A Rare Specimen
The country was invigorating. He wondered why he had stayed cooped up in London so long, believing that his business required him to be there. Did he have to attend every Royal Society meeting, and read every treatise before the ink had dried? Having dispatched the party on various errands and finding himself alone for a brief moment, he looked around for Miss Debord. Walking back around a curve in the path, he discerned her cream-coloured muslin and green spencer. As he watched she crouched down, bending over something low-growing, and cleared a space around the plant. She was lying almost flat on the ground when he walked quietly up to her. She started at his question.
“What have you found?”
“Oh! A snowdrop, merely, but I thought it curious. It’s rather small, but see, it holds its head erect instead of bowed down.”
He crouched down next to her, taking out his eyeglass.
“Well, that is quite strange. I’ve never seen that before.”
“I have seen one other, but I could find no mention of it in any of the floras.”
“Did you consult Mr. Allenham?”
“Oh! No…” she said slowly, “That is, I saw the flower only the other day, after he had left for the seaside.”
“He will certainly be disappointed, Miss Debord. I might almost accuse you of keeping your discovery to yourself on purpose. It isn’t everyone who can say they have found a new species in their native land.”
Her eyes widened. “A new species? Are you sure?”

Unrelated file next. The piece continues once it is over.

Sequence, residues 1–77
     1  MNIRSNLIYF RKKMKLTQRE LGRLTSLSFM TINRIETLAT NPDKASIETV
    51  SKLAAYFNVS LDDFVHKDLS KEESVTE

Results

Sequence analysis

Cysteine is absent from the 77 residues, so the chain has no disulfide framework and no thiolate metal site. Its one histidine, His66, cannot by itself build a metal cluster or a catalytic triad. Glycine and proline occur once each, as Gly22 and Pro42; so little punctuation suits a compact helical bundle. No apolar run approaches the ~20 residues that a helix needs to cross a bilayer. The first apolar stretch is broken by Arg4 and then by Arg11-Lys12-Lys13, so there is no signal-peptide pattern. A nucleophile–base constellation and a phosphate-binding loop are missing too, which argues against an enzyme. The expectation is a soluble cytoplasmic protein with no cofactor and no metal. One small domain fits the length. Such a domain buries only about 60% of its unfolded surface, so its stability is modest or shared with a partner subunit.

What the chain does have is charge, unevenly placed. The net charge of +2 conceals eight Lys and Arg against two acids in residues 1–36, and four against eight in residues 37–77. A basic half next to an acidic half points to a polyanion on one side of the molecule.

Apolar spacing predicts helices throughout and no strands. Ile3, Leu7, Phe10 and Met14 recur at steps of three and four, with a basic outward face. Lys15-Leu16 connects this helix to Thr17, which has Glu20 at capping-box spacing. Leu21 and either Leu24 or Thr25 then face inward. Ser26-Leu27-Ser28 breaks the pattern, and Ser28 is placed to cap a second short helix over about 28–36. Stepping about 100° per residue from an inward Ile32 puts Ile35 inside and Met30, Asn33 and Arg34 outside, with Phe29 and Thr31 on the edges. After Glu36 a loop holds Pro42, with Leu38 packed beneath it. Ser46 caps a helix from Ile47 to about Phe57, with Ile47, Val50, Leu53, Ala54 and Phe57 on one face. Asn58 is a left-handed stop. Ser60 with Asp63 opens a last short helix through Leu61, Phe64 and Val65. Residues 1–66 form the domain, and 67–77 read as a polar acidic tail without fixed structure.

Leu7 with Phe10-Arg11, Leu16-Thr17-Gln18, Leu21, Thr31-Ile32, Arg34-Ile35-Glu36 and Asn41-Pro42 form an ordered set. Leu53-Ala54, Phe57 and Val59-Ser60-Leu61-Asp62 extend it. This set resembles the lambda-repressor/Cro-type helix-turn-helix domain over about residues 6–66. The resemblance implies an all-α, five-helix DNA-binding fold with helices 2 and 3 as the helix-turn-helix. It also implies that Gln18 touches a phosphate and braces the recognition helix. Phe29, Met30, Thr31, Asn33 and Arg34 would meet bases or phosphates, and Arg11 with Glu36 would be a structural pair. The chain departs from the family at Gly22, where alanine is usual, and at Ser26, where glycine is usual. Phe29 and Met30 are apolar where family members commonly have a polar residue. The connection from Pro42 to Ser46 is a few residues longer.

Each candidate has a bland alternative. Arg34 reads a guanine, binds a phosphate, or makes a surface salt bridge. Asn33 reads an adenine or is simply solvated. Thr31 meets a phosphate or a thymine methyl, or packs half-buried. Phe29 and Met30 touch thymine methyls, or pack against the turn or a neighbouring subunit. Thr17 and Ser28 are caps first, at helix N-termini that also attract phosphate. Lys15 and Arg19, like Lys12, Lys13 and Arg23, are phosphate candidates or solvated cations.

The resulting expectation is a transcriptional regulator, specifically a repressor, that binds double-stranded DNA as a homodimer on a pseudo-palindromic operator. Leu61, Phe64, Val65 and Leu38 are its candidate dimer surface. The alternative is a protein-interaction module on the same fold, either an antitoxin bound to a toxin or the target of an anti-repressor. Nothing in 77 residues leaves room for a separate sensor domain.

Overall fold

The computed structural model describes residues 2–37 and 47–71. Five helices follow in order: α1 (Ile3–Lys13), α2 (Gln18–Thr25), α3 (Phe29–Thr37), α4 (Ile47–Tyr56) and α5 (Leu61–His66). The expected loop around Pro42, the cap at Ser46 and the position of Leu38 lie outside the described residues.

“Reasonable sure. We must make a sketch, and send a specimen and a description to the Royal Society. Do you draw, Miss Debord?”
“Hmm, yes, as do I. I think Miss Lincoln is a tolerable artist, however. We will see what she can do. In the meantime, let us carefully dig up our little friend here.”
He knelt on the earth near her, and together they dug around the little flower. Stealing a glance at her, he couldn’t help reflecting that had he known of the existence of such a woman, he might have spent less time in search of plants and more time in search of a wife. He wondered that so short an acquaintance could have made him feel as though he had known her for years. There seemed to exist between them such an understanding that even a look could communicate volumes. He had been irritated by her conversation with Miss Lincoln. She was right in the main, but he would have informed her that clever men would not be content with mere ignorant housekeepers, if the laughter in her eyes had not once again forestalled him. She seemed purposely to be encouraging Miss Lincoln – she supported Mrs. Lincoln in her interferences, and took every opportunity of including the girl in the conversation whenever they were together. He wanted, desperately, to know whether her efforts were due to a wish to discourage him, or due to an excessive kindness towards the girl. There could be a third possibility, of course: she might be unwilling to marry at all. She led, by all appearances, a pleasant enough life in the country. Indeed, he was almost jealous of the woods and the fresh air. Could dirty, busy London really tempt a woman away from this beautiful place? Could he?